Rating: 3 out of 5
These old Ospreys are tough to assess: they generally get the job done, but they are rarely pretty; yet, the task of an Osprey often is to be more pretty than informative. The focus for this book is infantry, dispelling myths about how many reforms Gustav II Adolf passed in Sweden, and how the Swedes took on the Catholic League. The plates are good but the scenes are not what I would have hoped to see: there’s a lot of emphasis on individual soldiers, which fits the men-at-arms theme, but this loses much because there is very little context into which these men are placed.
Overall, what I liked best was how the author approach the typical stories of how much the Swedish king re-invented everything. This was approached carefully, with good evidence leading to the ideas’ original Dutch or German authors, where these existed, or indeed later Swedish models in the latter half of the century. This I found to be the most illuminating part of the book.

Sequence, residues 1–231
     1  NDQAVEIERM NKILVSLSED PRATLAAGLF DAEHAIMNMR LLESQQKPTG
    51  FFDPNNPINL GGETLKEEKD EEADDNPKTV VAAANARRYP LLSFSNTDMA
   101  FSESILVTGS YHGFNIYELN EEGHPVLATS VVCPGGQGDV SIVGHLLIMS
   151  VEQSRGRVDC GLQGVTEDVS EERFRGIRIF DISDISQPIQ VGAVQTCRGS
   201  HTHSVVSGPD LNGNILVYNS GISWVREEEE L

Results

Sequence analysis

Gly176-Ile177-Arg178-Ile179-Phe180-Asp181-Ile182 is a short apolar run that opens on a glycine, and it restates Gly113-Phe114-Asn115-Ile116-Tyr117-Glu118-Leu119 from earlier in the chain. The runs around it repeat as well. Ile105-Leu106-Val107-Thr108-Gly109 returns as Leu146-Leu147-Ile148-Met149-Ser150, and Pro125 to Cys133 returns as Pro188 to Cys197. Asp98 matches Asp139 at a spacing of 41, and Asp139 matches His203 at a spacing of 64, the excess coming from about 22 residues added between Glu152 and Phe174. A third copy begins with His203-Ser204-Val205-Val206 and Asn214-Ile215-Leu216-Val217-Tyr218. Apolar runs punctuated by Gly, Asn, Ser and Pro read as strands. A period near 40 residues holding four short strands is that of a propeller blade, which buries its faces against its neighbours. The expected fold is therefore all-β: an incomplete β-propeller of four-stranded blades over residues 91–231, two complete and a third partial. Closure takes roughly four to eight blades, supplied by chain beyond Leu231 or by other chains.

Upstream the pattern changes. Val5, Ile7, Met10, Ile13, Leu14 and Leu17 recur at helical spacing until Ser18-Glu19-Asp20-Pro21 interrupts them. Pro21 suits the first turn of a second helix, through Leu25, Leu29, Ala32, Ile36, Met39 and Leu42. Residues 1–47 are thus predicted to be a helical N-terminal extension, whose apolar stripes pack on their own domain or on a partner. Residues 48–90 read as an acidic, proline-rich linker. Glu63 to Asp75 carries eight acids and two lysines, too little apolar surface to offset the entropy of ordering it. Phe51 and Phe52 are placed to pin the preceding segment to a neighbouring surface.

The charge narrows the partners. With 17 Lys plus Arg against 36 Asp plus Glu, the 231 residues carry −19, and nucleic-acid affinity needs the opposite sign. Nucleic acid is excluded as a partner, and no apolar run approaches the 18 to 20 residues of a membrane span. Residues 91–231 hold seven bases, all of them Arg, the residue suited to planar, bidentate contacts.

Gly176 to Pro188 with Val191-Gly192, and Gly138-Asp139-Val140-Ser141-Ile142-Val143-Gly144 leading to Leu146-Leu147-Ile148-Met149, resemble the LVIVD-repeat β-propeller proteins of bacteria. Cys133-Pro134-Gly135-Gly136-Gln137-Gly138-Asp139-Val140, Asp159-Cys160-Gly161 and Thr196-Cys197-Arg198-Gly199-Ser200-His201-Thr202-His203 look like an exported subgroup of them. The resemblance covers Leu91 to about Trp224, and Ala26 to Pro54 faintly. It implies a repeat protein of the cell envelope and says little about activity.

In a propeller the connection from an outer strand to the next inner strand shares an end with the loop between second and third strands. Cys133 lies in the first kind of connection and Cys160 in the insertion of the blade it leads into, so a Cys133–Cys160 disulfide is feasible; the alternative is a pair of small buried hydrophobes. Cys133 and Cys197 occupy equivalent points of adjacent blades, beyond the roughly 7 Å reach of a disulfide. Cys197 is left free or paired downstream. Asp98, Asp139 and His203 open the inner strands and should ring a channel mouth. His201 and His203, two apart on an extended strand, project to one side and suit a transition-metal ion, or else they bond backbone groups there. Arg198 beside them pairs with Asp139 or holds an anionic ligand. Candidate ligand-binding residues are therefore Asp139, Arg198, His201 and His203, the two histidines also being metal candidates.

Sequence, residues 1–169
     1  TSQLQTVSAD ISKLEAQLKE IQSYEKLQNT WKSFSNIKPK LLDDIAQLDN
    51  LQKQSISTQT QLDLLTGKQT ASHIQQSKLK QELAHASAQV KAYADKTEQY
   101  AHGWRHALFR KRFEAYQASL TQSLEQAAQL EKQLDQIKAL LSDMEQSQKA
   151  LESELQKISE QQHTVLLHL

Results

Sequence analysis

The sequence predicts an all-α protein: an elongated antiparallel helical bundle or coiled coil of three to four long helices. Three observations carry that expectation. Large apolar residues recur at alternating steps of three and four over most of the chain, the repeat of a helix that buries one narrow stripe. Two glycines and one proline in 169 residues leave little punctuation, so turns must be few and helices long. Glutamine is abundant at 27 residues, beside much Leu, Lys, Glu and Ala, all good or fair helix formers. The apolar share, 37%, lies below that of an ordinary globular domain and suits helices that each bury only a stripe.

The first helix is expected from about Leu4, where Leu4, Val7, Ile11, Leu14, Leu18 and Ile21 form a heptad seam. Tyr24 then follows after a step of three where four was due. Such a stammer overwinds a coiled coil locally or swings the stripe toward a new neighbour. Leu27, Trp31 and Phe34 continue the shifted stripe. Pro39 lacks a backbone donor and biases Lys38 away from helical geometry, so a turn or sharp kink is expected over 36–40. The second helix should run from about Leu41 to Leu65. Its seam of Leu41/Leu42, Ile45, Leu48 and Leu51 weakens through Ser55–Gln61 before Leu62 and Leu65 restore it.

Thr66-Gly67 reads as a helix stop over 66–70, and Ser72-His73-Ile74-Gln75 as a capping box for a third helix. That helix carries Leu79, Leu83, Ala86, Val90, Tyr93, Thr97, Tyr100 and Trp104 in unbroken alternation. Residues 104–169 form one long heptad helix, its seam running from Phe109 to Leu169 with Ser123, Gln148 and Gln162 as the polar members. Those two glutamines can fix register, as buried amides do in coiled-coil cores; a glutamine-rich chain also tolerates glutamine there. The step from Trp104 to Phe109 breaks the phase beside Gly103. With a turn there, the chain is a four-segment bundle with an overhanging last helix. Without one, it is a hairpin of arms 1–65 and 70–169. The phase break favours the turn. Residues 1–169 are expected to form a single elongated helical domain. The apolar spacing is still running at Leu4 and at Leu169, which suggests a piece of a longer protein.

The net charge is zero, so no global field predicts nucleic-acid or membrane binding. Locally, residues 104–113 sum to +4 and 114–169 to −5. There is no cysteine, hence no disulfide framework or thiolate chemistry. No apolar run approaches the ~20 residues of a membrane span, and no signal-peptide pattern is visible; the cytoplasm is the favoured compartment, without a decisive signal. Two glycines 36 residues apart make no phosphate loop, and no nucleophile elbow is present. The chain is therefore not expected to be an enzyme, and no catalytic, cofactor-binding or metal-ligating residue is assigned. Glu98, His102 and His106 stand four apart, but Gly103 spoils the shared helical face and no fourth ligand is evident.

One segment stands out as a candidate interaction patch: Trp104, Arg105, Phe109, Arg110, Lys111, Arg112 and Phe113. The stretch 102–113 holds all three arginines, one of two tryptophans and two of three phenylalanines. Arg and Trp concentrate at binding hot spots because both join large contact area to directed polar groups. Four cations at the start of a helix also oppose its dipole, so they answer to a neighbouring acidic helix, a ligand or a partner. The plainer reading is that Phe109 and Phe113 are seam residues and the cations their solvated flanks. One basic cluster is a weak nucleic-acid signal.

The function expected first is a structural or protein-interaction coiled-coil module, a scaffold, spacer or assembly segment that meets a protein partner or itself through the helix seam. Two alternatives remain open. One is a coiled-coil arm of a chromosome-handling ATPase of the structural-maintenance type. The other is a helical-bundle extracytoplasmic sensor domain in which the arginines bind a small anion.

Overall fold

Across the rest of the work, the author focussed quite heavily on the so-called coloured regiments. This focus might have made more sense had it started with where these regiments fought, etc, but as it was, the chapters did not really stand on their own—though in many cases this is also the purpose of an Osprey, to keep you coming back for more.
Overall, this is good enough. I can see why the artillery and cavalry were separated out into another volume (to allow an equal number of plates for those as well), and though I’m curious to see what that volume says, I’ve not jumped at the opportunity of reading it. It can wait.